Should I be worried? DD doesn't like large crowds. — The Bump
Special Needs

Should I be worried? DD doesn't like large crowds.

A lady on my local board suggested I repost this here.  I haven't frequented this board, but I would truly appreciate any opinions and advice.  Thank you!

The pedi keeps telling me not to worry, but I'm still concerned about my 3.5 y.o. DD's inability to manage being in large crowds or around lots of noise.  I don't know if she's just really shy or if there's more going on.  I'm wondering if maybe she has some sort of sensory issue or something.

She's shy but acts appropriately one-on-one with strangers.  She's totally fine one-on-one or in small groups with people she knows and is really able to open up in those situations.  She does great in preschool with 11 other kids, especially now that she's very comfortable there and knows the routine they follow every day.  She's still on the quiet side at preschool but she does talk, especially to the teachers and a couple close friends.

I'm not concerned about her intelligence.  Her vocabulary is also not at all worrisome, and although I was worried about her enunciation, we had her evaluated and her speech is age-appropriate.

The girl simply cannot handle large crowds, though.  Birthday parties have been an issue to the point that we no longer have them for her or DS.  We've only been to two parties in the past 18 months that haven't been a disaster, and it's been because at both of those parties there was space for her to separate herself from the party when she needed.  At others she's cried and said she didn't have a good time.  It has helped some that we now try to prepare her ahead of time by telling her there will be a lot of people, but it hasn't been a cure.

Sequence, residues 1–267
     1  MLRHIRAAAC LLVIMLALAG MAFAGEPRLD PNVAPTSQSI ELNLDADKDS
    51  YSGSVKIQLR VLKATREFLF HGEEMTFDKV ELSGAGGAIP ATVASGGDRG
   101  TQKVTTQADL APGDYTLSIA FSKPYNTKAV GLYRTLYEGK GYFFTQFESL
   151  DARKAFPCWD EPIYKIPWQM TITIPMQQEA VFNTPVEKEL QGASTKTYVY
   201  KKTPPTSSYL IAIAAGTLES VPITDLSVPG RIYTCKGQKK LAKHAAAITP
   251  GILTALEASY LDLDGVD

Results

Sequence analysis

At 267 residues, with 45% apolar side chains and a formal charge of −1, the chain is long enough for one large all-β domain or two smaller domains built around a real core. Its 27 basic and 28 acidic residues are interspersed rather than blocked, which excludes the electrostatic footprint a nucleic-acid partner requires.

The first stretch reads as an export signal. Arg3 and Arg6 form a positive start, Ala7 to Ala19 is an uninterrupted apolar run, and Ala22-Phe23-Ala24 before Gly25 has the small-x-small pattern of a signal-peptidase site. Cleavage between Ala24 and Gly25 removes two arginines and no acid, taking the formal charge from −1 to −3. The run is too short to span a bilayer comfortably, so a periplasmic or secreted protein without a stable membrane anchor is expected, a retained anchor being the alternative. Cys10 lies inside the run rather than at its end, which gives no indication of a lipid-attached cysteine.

Today we took her on a train ride to see Curious George.  Should have been a great time.  It was great for the train ride out to see Curious George and while we were at that area, but things fell apart as soon as we got back on the train.  Her balloon had popped while we were off the train and even though they quickly gave her two more, she cried as I rocked her in my lap the entire ride back to the station. She said it was too loud on the train.  She didn't calm down until she was strapped into the car.  She fell asleep on the way home, but she shouldn't have been tired.  I think she was only tired from all the crying.  She doesn't normally nap anymore, plus this was still early in the day.

The weird thing is that we went to a crowded children's museum while we were on vacation last month and she did fine.  She spent the entire time engrossed in the moon sand area and at the water table, though.  It was like she was focused enough to tune out the chaos.  (She was still responsive to DH and myself, though.  It's not like she was completely in her own world.)  I've also noticed that the best way to get her to tell me about her day at preschool is to get her talking about it while she's playing with Play-Doh or something similar.

We don't go to lots of crowded places like the zoo, museums, etc., so I don't know if part of the problem is that she hasn't had a ton of exposure to large crowds.  She does fine at the grocery store, church, preschool and places like that, though.

I would love to hear what others think and whether anyone knows of any coping mechanisms for when we are in large or noisy crowds.

Re: Should I be worried? DD doesn't like large crowds.